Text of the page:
Obama campaign slams Romney ahead of his foreign policy trip
Barack Obama's advisers charge that the Republican presidential candidate's planned visit to Britain, Israel, and Poland centers on 'photo-ops and fundraising.'
Members of President Barack Obama’s reelection campaign on Monday strongly criticized Mitt Romney’s upcoming overseas trip, charging that Republican presidential candidate’s planned visit to Britain, Israel and Poland centers more on “photo-ops and fundraising” than issues of substance.
The Obama campaign won’t let Romney boost his foreign policy credentials so easily, with a top adviser insisting during a conference call with reporters on Monday that in fact, the Republican has none.
Robert Gibbs, a former White House spokesman who is currently a senior adviser at Obama for America, recalled the nine-day, eight-country tour Barack Obama made as a candidate in 2008, which took in Afghanistan, Iraq, Kuwait, Israel, Jordan, France, Germany and Britain.
“Each leg of the [Obama] trip outlined specific foreign policy ideas,” Gibbs said, noting that Obama held news conferences in France, Jordan and Israel. “Governor Romney should live up to the standard set in 2008, unless it’s the long photo-op and fundraising trip.”
Romney will be in Israel on Sunday after kicking off his trip Thursday in London, where he will meet with top government officials, attend the 2012 Olympic Games Opening Ceremony and hold a fundraiser for Americans living in Britain.
In Israel, “Governor Romney will meet with U.S. Ambassador Dan Shapiro, Prime Minister Benjamin Netanyahu, President Shimon Peres, the leader of the opposition party, and Palestinian Authority Prime Minister Salam Fayyad,” according to the official itinerary distributed to the press. His itinerary does not mention the $50,000-a-head fundraiser being held in Jerusalem about 90 minutes after the Tisha B’Av fast ends Sunday.
On Sunday, Netanyahu told Fox News he wasn't going to get into American politics: "But I will say that I will receive Mitt Romney with the same openness that I received another presidential candidate, then-Senator Barack Obama, when he came almost four years ago, almost the same time in the campaign, to Israel. Israel enjoys bipartisan support, both Democrats and Republicans, and we extend bipartisan hospitality to both Democrats and Republicans."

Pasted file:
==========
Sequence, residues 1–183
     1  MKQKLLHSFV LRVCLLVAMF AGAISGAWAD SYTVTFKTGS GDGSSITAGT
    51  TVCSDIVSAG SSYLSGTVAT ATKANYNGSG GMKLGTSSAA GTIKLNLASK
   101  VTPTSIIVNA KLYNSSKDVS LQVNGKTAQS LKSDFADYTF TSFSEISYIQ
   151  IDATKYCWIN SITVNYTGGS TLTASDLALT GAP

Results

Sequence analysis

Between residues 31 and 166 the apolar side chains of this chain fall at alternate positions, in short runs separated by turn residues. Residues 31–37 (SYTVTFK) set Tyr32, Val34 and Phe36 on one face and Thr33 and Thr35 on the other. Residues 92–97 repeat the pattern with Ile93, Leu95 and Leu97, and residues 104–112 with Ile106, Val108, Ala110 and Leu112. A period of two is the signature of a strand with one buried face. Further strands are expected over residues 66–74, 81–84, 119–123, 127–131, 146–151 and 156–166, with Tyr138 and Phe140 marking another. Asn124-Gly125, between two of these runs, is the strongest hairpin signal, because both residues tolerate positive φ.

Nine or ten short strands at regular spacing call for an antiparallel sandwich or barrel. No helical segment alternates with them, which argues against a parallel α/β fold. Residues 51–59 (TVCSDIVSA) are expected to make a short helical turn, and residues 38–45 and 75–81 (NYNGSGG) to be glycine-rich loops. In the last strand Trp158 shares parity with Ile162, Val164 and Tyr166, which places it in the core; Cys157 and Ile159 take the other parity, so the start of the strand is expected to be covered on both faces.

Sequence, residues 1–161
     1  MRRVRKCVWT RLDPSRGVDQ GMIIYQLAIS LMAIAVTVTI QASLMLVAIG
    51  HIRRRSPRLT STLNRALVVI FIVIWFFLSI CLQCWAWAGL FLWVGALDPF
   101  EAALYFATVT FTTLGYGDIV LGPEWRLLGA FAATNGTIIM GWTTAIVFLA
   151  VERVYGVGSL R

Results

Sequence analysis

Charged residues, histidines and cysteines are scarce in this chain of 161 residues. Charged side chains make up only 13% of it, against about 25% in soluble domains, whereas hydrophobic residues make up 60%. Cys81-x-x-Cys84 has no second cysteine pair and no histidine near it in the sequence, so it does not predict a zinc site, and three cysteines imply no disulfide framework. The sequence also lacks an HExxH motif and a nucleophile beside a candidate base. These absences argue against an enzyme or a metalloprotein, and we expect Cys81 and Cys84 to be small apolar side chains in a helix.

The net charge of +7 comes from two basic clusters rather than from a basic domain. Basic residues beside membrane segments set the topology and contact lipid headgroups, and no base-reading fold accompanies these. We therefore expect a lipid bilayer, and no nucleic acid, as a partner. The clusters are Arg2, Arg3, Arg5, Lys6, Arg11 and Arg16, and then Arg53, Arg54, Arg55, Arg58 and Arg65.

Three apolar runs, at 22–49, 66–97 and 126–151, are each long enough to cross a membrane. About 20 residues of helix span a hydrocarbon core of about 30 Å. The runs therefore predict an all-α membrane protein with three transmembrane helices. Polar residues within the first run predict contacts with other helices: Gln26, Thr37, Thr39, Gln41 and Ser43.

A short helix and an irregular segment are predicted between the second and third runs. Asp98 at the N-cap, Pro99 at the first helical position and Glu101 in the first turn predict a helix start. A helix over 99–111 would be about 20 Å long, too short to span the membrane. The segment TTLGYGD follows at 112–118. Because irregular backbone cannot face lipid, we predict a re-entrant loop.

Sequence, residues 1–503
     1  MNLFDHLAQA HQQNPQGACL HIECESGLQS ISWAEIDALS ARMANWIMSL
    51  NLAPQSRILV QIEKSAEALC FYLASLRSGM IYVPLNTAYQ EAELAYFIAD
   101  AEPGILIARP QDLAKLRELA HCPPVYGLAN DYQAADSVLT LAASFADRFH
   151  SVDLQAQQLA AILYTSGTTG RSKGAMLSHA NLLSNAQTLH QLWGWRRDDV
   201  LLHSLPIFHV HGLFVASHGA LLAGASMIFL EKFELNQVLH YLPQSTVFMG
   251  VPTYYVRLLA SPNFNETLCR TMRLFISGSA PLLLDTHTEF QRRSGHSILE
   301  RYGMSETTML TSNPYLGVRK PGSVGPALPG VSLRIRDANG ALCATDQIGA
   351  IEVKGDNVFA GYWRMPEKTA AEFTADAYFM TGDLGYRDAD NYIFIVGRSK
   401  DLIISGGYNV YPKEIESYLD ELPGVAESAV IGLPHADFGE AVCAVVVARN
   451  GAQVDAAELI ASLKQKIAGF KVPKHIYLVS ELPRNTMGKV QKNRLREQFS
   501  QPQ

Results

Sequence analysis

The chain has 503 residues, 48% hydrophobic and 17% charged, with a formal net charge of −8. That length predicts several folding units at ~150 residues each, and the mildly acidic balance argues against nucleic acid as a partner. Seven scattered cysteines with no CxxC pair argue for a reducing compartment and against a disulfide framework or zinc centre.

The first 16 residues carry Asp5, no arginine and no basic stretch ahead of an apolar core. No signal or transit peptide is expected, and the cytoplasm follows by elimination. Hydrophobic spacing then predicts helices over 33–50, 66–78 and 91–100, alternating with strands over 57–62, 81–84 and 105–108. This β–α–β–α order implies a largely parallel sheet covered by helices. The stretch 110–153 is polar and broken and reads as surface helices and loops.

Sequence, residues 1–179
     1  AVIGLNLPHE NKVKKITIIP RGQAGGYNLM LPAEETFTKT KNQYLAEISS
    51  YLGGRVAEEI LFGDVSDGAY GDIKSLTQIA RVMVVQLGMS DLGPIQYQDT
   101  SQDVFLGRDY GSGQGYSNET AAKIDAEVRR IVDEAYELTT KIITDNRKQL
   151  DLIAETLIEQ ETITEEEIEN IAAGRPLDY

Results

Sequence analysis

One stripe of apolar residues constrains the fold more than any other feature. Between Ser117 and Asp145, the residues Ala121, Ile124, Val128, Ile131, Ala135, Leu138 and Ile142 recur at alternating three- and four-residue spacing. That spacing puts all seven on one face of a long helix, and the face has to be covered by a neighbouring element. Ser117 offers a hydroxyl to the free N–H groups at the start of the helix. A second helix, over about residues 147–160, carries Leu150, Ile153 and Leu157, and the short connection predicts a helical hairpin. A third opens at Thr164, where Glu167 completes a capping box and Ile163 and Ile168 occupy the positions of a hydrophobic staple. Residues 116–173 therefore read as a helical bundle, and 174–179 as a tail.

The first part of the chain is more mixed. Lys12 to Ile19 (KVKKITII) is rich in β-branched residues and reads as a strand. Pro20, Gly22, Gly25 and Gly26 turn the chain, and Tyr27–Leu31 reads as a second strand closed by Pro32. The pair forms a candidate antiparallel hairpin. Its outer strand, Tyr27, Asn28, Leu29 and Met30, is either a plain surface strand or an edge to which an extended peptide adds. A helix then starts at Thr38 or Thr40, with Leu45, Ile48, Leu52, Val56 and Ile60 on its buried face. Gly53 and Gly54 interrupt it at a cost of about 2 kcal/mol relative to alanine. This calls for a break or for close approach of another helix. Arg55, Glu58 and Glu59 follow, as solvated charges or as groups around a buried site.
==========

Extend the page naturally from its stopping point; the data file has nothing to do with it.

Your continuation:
On Monday, Romney will wrap up the tour in Poland, visiting historical sites and meeting with Prime Minister Donald Tusk and other top officials, as well as former president Lech Walesa.
“Romney’s trip might be built almost entirely on fundraisers, but the American people are expecting something greater of their political candidates than speaking to groups of donors,” Gibbs said. “The preview of his trip said he’s going to make two major foreign policy speeches, without details. How can you give major foreign policy speeches without details?”
Gibbs added that Romney “owes the American people important answers when he is preparing to become the leader of the free world. Four years ago this month, we took that trip to show that Obama was a person who is ready to lead the world. The stakes around the trip were enormously high, and Obama offered specific policies like ending the war in Iraq and focusing on war in Afghanistan. Mitt Romney is not engaged on these issues.”
In terms of Israel, however, the Romney campaign is stressing the difference between Obama’s “cold shoulder” to Israel, lack of personal chemistry with Netanyahu and most important, the fact that Obama has not visited Israel since he was elected.
Republican Jewish Coalition Executive Director Matt Brooks told Haaretz "Romney is taking extremely valuable time out of his schedule to go to Israel and show his solidarity with the Jewish people and get briefed on critically important issues - when President Obama hasn't been in Israel in the three and a half years he's been in office. He's been all over the area, and hasn't visited Israel."
“I think that simply being present in Israel says it all,” said John Bolton, one of Romney’s top foreign policy adviser and a former U.S. ambassador to the United Nations. “Obama has been in office three-and-a-half years and had time to do more fundraisers than any other first-term American president, and yet he hasn’t had time to fit into his busy schedule even one trip to Israel,” Bolton said in a radio interview on Sunday.
The Obama campaign noted that the president is expected to visit Israel during his second term, should he be reelected. During the Monday conference call, Colin Kahl, a former deputy assistant secretary of defense for the Middle East in the Obama administration, said that Obama’s “friendship with Israel shouldn’t be judged only by his travel itinerary.
“President Reagan didn’t visit Israel. President Bush did it only in his final year. It’s not a serious policy difference, but a distraction. Israeli leaders have acknowledged that the relationship is as strong as ever,” Kahl said.
Kahl warned that “Middle East policy is too important to play politics with,” noting that he was “perplexed” by Romney’s lack of specific positions. “Several weeks ago, when Romney was asked what he’ll do with Israel, he said he’ll ‘do the opposite of Obama.’
“President Obama means what he says and he does what he says. He worked with Congress to provide hundreds of millions of dollars of additional aid for anti-missile systems. He is exerting pressure on Iran. The American people are expecting Romney to say exactly how he is going to put pressure on Teheran,” he said.
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